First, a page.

Writer: Matt Kindt
Art: Trevor Hairsine & Ryan Winn
Colors: David Baron
Letterer: Dave Lanphear
Publisher: Valiant Entertainment (April 2016)
Abram, from the first miniseries, had two other cosmonauts with him. Meet Valentina Volkov … one of the other two cosmonauts. We learn her tragic story and “real mission” as she is sent up to space with Abram and one other cosmonaut. As we find the fate of that last cosmonaut, we also learn what happens when Valentina drinks in the same power that Abram did … and what she intends to do next.
The team is back together and it feels so, SO GOOD! Hairsine, Wynn and Baron return to Divinity with an energy that brings out some of their best work to date. The stunning backgrounds and the various perspectives just make this book look and feel out of this world while building a wonderful background to the story of our lead, Valetina Volkov. We got to see more of the Unknown and the space that the three cosmonauts explored and our art team did not disappoint. Hairsine’s pencils look more refined here with Winn’s sharp inks, allowing the art to have a deep look than what they did during the first miniseries. Baron’s colors are sharper than ever, with a strong vibracy that really comes through. Every panel is colored to near perfection, fitting the right tones to the emotion of the scene and the area which the scene takes in.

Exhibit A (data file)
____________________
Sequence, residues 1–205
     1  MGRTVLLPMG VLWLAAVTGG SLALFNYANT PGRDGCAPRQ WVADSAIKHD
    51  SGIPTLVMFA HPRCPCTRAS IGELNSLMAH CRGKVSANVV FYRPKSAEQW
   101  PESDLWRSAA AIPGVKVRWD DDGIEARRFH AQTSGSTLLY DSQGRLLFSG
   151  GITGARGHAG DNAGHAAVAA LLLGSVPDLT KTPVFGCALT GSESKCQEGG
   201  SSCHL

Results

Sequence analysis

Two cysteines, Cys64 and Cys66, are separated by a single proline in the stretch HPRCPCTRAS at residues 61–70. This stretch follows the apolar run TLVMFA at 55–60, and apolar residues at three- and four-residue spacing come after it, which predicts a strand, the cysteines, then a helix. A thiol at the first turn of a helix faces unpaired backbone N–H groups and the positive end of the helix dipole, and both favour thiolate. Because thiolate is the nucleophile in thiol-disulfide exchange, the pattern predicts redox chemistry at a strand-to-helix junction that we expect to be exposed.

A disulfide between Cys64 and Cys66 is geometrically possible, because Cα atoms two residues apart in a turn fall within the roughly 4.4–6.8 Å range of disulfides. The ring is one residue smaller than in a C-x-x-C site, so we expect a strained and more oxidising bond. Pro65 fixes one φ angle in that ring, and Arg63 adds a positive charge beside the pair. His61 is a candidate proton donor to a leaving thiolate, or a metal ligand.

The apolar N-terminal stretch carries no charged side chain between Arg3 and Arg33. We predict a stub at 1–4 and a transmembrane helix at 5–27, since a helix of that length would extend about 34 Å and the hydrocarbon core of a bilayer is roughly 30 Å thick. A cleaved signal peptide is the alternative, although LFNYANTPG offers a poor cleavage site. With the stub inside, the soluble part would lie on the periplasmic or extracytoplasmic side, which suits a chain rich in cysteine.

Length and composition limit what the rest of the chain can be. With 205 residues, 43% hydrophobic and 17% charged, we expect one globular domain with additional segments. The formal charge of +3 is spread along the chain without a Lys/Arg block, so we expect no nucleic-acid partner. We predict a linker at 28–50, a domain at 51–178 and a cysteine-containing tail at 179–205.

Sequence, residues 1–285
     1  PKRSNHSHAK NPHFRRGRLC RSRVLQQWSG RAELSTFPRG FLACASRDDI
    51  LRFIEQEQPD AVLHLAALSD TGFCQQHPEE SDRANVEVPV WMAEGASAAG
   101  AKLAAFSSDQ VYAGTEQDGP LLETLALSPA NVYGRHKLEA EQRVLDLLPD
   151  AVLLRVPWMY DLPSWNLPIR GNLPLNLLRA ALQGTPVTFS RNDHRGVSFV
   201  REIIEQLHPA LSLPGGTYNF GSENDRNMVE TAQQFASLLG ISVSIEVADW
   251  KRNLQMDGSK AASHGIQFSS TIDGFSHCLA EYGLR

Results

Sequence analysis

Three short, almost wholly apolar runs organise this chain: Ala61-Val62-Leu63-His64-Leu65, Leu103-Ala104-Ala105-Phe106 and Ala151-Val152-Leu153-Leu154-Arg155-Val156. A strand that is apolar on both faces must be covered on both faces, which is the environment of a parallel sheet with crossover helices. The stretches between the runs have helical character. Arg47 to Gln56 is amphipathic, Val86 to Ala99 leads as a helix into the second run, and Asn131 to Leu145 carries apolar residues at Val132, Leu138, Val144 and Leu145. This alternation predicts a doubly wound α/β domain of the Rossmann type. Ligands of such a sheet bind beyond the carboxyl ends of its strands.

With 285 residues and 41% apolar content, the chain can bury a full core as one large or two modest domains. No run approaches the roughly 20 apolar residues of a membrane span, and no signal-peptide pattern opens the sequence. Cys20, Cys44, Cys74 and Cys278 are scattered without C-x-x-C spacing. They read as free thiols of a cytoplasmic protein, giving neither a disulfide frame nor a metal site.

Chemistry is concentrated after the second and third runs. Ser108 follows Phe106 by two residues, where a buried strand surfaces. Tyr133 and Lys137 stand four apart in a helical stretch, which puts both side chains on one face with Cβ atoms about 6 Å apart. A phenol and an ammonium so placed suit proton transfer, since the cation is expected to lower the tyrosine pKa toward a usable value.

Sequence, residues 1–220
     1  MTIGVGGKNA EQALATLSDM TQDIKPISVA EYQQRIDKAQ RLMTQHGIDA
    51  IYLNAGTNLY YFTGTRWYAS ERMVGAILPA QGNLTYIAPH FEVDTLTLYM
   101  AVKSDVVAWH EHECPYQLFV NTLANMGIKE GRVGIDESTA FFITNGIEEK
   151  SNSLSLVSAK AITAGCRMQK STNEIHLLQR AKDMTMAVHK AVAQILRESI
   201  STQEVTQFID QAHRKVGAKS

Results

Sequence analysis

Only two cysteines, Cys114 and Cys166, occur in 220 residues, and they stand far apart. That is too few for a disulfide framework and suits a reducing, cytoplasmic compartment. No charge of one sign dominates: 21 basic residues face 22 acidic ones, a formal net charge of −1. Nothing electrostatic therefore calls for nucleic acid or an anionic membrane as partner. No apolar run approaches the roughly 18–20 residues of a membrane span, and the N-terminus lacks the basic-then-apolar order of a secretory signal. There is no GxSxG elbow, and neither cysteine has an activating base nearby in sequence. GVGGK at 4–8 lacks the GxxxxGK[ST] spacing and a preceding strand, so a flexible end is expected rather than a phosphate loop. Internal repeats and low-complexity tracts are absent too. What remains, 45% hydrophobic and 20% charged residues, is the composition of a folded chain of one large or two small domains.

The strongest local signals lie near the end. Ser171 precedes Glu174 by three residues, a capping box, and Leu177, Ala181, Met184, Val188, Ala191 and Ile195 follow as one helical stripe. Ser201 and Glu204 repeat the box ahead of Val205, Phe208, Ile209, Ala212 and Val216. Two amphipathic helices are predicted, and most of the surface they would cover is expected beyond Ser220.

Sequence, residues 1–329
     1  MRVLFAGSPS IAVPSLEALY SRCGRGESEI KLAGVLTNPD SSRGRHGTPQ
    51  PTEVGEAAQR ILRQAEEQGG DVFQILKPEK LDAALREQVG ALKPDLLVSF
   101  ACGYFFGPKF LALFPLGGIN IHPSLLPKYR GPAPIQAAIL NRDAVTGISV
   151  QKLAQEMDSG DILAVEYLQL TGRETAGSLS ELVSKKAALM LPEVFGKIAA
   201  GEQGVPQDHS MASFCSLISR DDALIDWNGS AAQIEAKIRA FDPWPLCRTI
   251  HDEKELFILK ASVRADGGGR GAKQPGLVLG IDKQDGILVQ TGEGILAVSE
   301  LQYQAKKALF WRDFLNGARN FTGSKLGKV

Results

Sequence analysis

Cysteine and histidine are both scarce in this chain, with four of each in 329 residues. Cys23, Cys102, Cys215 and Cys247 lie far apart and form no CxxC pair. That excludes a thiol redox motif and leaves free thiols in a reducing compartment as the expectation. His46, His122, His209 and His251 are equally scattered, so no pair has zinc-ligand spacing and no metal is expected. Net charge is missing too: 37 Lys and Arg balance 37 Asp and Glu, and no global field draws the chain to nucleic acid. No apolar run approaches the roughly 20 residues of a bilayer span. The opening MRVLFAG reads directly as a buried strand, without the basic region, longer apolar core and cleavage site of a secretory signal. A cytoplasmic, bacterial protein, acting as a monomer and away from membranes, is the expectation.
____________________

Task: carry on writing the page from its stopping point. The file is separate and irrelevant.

Kindt creates a riveting story about a woman who is strong … strong willed and strong in her beliefs and seeing how that shapes her. We learn a lot about Valentina as an eerie mirror to Abram …except she is very much immersed and strong believes in communism. This is firmly done with Valentina’s connections to her “adoptive” family, her training and her own “mission” that she was given. Kindt really does a wonderful job building us on the character of Valentina Volkov. Kindt builds these worlds creatively enough that it makes it both relateable and fantastic. Kindt adds just the right amount of conspiracies, politics and personality to make this issue captivating.
Nada. Zero. Zip.
Kindt, Hairsine, Wynn and Baron knock the ball out of the park. This book is a solid first issue that sets up a lot while getting us a very strong picture of Valentina Volkov and her driving forces. The art is simply beautiful, with an array of perspectives, solid line work and color. And the story is gripping. Kindt really grasps his strengths with character development and kicks off this miniseries with a bang. We don’t have a typical lead in Valentina, which makes the book that much more gripping. Kindt even makes this book extremely accessible by mentioning Abram, but needing his story to be a focal point here. The book is full of depth, mystery, intrigue and a character that is relateable, even if you disagree with her perspective.